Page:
Niagara Gazette

Local News

August 15, 2013

Covanta hearing draws crowd to city hall

Niagara Gazette — Residents, company employees and politicians filed into city council chambers Wednesday night to hear a presentation from a waste-to-energy company on an expansion of their facilities and offer comment on the project.

The meeting was called by the city's planning board after residents raised concerns over the plant’s expansion plans and called on the board to revisit a negative declaration it approved earlier this year as part of a required state environmental review, clearing the way for the expansion.

Rick Smith, the planning board chairman, said that the meeting was informational and that the board was not considering any further action at this time.

The city will consider all information collected and provide that information to Corporation Counsel Craig Johnson, Smith said.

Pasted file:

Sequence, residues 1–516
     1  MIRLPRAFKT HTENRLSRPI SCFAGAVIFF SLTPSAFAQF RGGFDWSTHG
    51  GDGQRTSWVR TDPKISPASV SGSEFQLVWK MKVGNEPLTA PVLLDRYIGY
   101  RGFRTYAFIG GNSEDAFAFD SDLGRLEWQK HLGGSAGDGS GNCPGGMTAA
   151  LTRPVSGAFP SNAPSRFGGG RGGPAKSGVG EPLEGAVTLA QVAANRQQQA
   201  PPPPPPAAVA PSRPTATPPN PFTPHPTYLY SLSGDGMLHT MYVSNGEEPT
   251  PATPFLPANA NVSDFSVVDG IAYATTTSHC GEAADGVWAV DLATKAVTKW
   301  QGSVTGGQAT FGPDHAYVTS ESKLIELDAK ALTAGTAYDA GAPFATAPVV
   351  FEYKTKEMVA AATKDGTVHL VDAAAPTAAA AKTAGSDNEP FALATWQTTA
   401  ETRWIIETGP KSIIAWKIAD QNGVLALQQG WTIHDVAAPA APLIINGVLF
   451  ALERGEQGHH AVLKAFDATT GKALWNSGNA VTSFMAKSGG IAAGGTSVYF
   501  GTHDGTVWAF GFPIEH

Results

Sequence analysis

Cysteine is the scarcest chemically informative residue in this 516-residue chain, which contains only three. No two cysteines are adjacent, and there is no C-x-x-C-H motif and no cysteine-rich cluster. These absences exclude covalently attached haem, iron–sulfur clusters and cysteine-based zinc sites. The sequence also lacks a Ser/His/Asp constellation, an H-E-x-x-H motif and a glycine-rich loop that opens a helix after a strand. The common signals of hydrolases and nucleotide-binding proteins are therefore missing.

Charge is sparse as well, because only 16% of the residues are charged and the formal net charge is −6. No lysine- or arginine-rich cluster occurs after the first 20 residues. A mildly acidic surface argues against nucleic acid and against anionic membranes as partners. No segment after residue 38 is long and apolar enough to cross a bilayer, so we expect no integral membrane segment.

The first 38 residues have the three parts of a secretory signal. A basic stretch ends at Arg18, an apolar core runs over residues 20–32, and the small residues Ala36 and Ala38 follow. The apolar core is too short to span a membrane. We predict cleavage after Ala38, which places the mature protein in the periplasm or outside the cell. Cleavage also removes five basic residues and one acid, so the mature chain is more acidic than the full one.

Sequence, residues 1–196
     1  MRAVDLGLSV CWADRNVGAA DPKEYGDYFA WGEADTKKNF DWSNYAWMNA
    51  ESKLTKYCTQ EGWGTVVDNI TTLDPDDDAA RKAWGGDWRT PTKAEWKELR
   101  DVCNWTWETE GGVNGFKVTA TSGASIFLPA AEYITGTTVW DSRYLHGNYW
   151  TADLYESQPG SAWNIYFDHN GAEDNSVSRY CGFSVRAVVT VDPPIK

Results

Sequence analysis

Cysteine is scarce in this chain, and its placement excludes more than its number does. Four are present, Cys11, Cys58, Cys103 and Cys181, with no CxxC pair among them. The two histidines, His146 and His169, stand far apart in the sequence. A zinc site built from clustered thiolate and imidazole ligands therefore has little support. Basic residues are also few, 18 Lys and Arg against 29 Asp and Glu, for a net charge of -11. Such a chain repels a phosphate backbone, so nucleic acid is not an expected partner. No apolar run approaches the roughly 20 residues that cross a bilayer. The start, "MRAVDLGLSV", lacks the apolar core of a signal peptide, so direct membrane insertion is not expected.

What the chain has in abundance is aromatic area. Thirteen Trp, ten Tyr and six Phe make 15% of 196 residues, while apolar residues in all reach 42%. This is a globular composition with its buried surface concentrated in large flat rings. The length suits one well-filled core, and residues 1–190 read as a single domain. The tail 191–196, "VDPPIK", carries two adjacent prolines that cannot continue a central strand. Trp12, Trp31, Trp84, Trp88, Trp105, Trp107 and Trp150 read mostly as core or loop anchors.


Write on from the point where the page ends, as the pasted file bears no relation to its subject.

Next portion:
“The board has no pending action,” Smith said. “However, we will work with staff to bring all the information provided to us to the city corporation counsel and ask for his evaluation as to the city’s legal options going forward.”

While company representatives argued that the expansion project will be beneficial to the city — creating jobs and reducing the number of garbage trucks on city streets — most residents expressed concerns over possible health risks and the company’s 15-year tax abatement deal granted by the Niagara County Industrial Development Agency in January.

Kevin O’Neil, the business manager at Covanta Niagara, gave the same presentation that was given at a planning board meeting before the board voted to approve the negative declaration on the state environmental review, adding updated information where necessary.

O’Neil outlined the plans, which include the reopening of a rail spur that will allow the company to accept garbage from New York City by rail, a brownfield remediation and storm water drainage improvements.

O’Neil emphasized that the plant expansion will not result in the incinerating of any more waste than the 821,000 they are permitted to burn each year by the Department of Environmental Conservation, the same amount that has been processed at the plant since it opened in 1980.

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